Pros and Cons of Asphalt Shingles
You may be wondering why asphalt shingles are the most popular roofing materials being used on residential properties. While this is a case of the pros outweighing the cons, below are a few good to know facts about asphalt shingles and why they might be the best roofing option for your home.
The Good: Pricing, Color, Shape, & Ease of Installation
At around a dollar a square foot, asphalt shingles are one of the most least expensive roofing materials available. Other roofing materials, such as clay or slate tiles, metal roofs, and wood shakes and shingles, are easily three times as expensive. Aluminum shingles for example are about $1000 per 100 square feet.
If you want more of a selection of colored roofs to go with your house, asphalt shingles can still be the way to go. With dozens of color shades to choose from, along with a wide variety of shapes and patterns, asphalt shingles give you plenty of options for your new roof.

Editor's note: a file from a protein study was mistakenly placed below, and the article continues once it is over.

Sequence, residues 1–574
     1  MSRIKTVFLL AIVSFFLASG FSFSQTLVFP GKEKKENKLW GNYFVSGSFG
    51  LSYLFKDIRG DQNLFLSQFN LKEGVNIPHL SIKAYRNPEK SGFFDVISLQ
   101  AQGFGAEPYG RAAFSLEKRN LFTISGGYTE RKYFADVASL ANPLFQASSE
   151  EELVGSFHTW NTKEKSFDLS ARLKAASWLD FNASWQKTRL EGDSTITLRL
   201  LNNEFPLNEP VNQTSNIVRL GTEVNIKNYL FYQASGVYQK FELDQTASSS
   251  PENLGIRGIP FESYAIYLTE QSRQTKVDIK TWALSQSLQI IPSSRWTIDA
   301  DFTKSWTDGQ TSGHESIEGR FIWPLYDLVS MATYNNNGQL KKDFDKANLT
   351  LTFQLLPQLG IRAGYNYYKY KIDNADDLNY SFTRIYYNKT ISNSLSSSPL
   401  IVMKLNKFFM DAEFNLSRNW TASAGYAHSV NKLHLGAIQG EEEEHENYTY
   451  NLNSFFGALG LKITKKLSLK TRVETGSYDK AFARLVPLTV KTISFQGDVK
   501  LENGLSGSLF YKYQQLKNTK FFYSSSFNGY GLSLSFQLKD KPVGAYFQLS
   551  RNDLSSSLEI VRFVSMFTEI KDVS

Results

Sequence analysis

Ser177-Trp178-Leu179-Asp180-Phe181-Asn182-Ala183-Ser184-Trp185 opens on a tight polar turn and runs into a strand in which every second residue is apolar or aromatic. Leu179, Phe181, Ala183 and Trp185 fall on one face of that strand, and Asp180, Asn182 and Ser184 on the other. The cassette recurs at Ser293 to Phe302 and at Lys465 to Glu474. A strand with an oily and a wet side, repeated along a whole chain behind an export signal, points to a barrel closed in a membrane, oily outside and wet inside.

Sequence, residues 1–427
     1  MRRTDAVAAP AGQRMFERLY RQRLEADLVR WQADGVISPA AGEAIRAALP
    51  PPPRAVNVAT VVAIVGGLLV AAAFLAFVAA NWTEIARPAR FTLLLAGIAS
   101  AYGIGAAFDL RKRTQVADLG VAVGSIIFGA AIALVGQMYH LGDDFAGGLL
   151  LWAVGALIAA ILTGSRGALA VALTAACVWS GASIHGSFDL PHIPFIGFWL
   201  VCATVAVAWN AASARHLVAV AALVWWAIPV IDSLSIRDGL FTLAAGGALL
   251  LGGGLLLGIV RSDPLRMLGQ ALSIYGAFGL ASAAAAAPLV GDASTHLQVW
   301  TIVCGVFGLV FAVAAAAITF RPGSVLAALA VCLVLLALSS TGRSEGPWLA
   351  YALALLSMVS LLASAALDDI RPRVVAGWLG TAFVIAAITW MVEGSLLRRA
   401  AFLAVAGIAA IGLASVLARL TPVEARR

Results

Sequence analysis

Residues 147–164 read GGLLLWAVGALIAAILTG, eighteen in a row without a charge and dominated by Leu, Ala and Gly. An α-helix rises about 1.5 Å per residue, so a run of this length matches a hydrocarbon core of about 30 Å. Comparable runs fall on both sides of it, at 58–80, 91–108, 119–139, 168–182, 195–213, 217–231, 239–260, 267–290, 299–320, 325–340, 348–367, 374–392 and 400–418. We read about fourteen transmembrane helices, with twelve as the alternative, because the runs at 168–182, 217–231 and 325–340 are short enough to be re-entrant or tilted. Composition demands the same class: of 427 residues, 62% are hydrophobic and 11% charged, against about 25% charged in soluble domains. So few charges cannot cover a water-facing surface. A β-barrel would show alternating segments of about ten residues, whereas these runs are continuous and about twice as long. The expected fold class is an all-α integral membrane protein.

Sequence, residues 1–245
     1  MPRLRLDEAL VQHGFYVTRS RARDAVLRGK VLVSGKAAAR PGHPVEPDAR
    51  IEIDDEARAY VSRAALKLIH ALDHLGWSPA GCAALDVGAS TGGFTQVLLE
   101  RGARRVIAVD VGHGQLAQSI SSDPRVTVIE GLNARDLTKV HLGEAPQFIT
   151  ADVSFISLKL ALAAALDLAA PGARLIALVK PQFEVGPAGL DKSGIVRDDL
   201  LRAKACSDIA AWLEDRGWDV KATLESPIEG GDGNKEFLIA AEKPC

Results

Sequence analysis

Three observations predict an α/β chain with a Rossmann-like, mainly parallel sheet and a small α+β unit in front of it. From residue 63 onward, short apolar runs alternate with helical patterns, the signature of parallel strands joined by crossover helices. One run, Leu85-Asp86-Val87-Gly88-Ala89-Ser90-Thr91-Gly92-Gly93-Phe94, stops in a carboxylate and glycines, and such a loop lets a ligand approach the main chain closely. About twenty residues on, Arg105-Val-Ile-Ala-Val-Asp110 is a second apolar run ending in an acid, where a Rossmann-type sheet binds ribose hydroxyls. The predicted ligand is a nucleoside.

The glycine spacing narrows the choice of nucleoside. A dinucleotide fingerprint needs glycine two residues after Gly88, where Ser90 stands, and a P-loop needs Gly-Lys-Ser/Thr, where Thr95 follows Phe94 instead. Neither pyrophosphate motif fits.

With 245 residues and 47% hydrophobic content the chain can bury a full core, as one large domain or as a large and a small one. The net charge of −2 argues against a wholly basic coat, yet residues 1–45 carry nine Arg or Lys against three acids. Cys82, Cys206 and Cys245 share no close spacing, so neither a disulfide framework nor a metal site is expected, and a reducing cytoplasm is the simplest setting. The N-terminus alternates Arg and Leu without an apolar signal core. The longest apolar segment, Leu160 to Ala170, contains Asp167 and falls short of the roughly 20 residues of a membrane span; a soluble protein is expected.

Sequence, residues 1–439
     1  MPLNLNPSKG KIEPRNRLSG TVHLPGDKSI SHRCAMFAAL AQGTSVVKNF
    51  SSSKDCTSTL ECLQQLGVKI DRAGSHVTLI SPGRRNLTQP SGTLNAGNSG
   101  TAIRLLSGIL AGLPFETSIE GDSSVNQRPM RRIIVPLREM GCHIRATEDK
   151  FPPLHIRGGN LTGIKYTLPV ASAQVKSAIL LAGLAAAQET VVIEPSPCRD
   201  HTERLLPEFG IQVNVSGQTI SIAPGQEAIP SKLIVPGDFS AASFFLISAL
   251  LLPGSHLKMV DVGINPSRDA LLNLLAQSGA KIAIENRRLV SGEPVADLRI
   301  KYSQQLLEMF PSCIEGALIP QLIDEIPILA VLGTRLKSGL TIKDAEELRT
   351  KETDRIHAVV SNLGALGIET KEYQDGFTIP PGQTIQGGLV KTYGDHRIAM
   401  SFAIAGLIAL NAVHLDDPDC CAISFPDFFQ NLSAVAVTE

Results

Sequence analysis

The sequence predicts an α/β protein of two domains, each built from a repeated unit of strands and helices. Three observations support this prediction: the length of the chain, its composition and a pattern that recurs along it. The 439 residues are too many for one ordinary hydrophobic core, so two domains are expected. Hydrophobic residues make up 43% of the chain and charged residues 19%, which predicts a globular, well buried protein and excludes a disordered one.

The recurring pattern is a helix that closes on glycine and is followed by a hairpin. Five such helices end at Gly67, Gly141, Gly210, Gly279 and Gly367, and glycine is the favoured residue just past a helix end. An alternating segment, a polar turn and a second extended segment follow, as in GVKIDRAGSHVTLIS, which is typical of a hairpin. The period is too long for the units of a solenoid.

The ease of installation and its ability to be applied to nearly any style of roof can reduce the labor costs of your new roof. Asphalt shingles are among the lightest of available roofing materials. Therefore, structural integrity is less a concern, making it an option for more roof styles as well.
The Bad: Lifespan, Albedo, & Environmental
Asphalt shingles can have a lifespan from fifteen to thirty years. Although seeming to be a long time, comparably it is the shortest of roofing materials. The reason behind this is due to the asphalt construction itself. Asphalt shingles are most susceptible to the weather. Humid climates cause more organic build up, and ice dams in cold areas put extra wear on your roof. Climates with extreme temperature changes can increase the rate of deterioration as well.
Although the color options offer a nice selection, the albedo, or ability to reflect light, is low on asphalt shingles. This allows more heat to be absorbed that can increase wear and raise your utility bill.
Environmentally, asphalt shingles are on the low end of the green roof scale. Not being recyclable, asphalt shingles constitute 11 billion tons in landfills each year.